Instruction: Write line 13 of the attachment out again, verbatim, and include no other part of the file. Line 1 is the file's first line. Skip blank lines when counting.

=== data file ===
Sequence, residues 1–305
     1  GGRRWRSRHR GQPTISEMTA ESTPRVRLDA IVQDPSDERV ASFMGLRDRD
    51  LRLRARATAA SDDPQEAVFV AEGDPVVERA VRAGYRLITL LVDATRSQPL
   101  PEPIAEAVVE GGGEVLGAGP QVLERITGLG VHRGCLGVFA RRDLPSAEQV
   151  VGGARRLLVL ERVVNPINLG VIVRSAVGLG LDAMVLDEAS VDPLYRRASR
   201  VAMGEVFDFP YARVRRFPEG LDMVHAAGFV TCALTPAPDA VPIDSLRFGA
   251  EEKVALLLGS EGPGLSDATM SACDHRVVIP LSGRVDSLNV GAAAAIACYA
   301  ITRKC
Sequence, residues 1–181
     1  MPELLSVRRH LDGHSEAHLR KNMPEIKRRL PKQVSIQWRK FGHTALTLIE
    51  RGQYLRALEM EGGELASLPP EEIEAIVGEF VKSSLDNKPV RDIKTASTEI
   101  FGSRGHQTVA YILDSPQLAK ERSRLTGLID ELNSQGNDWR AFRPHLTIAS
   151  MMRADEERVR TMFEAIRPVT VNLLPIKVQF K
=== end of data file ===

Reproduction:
   151  MMRADEERVR TMFEAIRPVT VNLLPIKVQF K